Teen Suicide- What Friends and Outside Influences Can Do to Help Prevent this Tragedy

Please take a minute to read this article; it carries an important message regarding teenagers and suicide. And if sharing Ipuna Black’s thoughts will boost awareness of teen suicide, I will push this reblog button a million times and again.

“It is what you read when you don’t have to that determines what you will be when you can’t help it.”
Oscar Wilde

Ipuna Black

Globally, over 800,000 people die each year of suicide, and there are MANY more who attempt suicide [World Health Organization (WHO), 2012]. Teen suicide is the SECOND leading cause of death among teens/young adults ages 15-29 years old (WHO, 2012).

Additional Teen Suicide Statistics for the U.S.

  • There is an average of over 5,240 attempts by young people grades 7-12.
  • Approximately 157,000 youth between the ages of 10 and 24 receive medical care for self-inflicted injuries at Emergency Departments.
  • Boys are more likely than girls to die from suicide.
  • Girls are more likely to report attempting suicide than boys.

Sixth Grader Thinking About Suicide

Suicide, in general, is a major concern, and the rate of teen suicide is alarming. My daughter knows a girl who talked about it because of her home environment. My daughter is in sixth grade! I had the opportunity to speak to…

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6 thoughts on “Teen Suicide- What Friends and Outside Influences Can Do to Help Prevent this Tragedy

    1. I am not an expert by any means, but I think that is one issue–the idea that teenagers have little to worry about. I think as a whole, we see they have their whole lives ahead. But in some instances they lack coping skills that might help them face various life challenges. Building resiliency is useful, but how does a teen know about wellness tools that may equip them to maneuver through life’s barriers? It is sad. I have known co-workers who have lost their child to suicide or who have a child who have attempted suicide. For example, military deployments are tough on our kids, not to mention some move fairly frequently. I am no longer in the service, but this was an occurrence one too many times. In reality, suicide can effect any child from any community. My daughter just attended a funeral for a fellow classmate who took his life. So encouraging awareness is critical. I appreciate your comment and understand what you mean: they have their whole lives ahead of them. But sometimes our youth cannot see that for one reason or another. So we have to show them how to be hopeful. And I believe that means acknowledging their depression and getting them professional help. Thank you so much for commenting and caring enough to read! 🙂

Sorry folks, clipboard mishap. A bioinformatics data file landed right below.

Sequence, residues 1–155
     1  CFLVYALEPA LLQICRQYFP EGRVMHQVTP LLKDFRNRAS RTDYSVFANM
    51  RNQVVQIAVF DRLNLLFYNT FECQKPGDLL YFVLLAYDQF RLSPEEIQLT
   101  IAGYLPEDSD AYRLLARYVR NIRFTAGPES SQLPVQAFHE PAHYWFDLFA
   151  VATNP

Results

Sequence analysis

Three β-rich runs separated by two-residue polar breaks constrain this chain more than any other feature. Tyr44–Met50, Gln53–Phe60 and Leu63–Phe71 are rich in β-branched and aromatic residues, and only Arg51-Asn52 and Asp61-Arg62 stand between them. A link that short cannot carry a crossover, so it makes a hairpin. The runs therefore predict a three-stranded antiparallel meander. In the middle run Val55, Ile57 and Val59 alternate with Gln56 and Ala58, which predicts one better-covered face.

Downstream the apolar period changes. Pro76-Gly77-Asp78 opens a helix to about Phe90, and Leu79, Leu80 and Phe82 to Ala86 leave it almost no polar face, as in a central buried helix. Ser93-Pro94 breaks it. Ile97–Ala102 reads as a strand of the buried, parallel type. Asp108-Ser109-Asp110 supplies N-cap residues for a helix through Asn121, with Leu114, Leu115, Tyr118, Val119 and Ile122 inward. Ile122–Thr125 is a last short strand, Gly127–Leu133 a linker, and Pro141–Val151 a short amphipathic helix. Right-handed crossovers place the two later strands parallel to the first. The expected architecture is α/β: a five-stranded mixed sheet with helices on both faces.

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      1. Wow, I learn one more interesting thing, from your comment it looks like in your part of the world it’s quite common.

        In our end, it’s a rarity, like we are surprise to hear that it happened even. Except recently in news, that it came out, due to love affairs, and usually in our part of the world having a boy/girlfriend is a social taboo, so parents usually discourage them.

        So the duo took the suicide step.

        And it was taken quite a bit! Other than this, rarely we read or observe that suicide happened for a teen.

        For grown up its pretty much happens not to that extent. But it is their.

        So it’s a bit of an interesting thing to read and understand it.

        I think our way of style is way different, as a family we have a strong network. The interdependency is a lot more than in the West.

        We don’t have culture normally to leave parents an many other things, although a lot of Western Culture is being taken by the younger generation, and so the related issues with it.

        So thanks for giving insight to the topic!

        Much appreciated.

        Liked by 2 people

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